North-South divide re-emerges as house prices slip further

North-South divide re-emerges as house prices slip further
We’re still seeing strong growth in the East and in prime London. We’re also seeing a return to the North-South divide in terms of price growth.

House prices fell further in June, declining for the third month in a row with average values now down £2,358 in the last quarter, according to the latest Your Move house price index.

More than half the unitary authority areas in England in Wales – 60 out of 108 – reported prices falling over the month. The average price in June was £301,114, down 0.2% on May.

Despite this, prices are still up by 3.8% or £11,037 up on this time last year, however the Index shows that a North-South divide seems to have re-emerged. Annual growth in the Midlands and South, excluding London, is above average, and the North and Wales are seeing below average growth.

The East of England, particularly, continues to show strong annual growth, regaining its top spot among the regions. In London, Westminster sets a new peak price, up 19.7% annually to reach £1,865,843.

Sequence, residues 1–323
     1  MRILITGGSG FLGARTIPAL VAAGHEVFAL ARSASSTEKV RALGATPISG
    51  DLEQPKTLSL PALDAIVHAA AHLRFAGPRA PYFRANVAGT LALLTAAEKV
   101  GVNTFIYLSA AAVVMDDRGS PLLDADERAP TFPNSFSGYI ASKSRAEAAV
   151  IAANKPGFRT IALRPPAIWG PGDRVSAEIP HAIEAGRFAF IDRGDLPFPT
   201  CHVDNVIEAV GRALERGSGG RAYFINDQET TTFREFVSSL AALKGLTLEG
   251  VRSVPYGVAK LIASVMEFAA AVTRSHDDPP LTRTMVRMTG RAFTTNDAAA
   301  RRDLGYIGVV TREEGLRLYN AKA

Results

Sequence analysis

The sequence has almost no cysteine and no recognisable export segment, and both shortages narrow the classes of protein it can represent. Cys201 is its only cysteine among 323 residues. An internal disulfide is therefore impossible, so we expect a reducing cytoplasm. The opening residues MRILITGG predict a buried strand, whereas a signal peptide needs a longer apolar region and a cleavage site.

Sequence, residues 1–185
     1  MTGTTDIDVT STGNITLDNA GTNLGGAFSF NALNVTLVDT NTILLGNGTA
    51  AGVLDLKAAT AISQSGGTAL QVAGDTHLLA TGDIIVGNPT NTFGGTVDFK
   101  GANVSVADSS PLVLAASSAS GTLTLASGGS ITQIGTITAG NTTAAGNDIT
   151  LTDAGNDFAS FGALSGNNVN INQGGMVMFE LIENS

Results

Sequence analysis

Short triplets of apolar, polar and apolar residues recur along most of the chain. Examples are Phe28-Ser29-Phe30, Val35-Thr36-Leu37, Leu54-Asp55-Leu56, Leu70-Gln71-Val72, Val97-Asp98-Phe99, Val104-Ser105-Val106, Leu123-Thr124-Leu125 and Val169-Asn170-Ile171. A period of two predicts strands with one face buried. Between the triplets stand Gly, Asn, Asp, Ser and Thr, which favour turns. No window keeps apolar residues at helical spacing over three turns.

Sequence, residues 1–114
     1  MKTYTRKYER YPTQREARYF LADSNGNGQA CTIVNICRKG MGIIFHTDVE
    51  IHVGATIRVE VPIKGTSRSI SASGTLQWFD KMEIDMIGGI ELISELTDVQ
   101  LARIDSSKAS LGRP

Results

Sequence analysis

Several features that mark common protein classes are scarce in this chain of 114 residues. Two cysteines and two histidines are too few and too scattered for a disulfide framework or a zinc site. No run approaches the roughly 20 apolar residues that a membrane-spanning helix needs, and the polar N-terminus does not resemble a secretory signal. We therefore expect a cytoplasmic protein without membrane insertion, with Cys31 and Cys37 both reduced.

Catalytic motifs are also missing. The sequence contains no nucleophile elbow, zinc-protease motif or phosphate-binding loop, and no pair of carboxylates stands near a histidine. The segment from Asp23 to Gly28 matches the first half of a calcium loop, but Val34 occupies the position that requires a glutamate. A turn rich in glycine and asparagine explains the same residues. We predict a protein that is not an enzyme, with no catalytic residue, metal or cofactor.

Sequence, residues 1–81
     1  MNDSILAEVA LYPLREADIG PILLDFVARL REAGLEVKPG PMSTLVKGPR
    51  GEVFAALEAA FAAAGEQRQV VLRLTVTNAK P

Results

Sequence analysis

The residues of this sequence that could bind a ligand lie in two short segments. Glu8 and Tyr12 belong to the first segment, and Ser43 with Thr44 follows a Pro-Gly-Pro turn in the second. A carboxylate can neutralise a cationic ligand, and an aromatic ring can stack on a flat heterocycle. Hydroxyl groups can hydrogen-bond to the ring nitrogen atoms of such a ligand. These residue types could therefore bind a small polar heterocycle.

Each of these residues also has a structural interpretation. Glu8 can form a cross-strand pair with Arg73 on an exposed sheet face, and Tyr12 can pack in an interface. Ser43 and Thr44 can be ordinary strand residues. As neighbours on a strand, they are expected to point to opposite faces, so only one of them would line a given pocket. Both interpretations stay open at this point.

Your Move says that instead of causing the slip in house prices, the election and its result have merely exacerbated a slow-down in price growth that can be seen since the beginning of the year.

Oliver Blake, Managing Director of Your Move and Reeds Rains estate agents, said: “Don’t write the market off just yet. We’ve seen three months of falls, but it’s far too early to panic. Mortgage rates are still affordable and the slow down we have seen will already have helped some buyers struggling with affordability.

“We’re still seeing strong growth in the East and in prime London. We’re also seeing a return to the North-South divide in terms of price growth. In many ways, it feels like we’ve been here before.”

Brian Murphy, Head of Lending for Mortgage Advice Bureau, commented: "Seeing the slow down on new instructions reported in the data is no great surprise at all, given that we’re now entering peak holiday season, and this is the normal and expected pattern every year, so is no cause for concern whatsoever. The Rightmove report suggests annual average house price increases of 2.8% so far this year, which is absolutely in line with market forecasts and expectations for 2017, so again should not raise any alarm bells whatsoever.   
 
"Overall, today’s Rightmove report would suggest that even though we’re moving into high summer which is traditionally a slower time for property sales, the market would appear to be ticking over very nicely with no apparent immediate cause for concern or negative sentiment, which it’s probably reasonable to suggest might lead to a consistent picture for the foreseeable future.”

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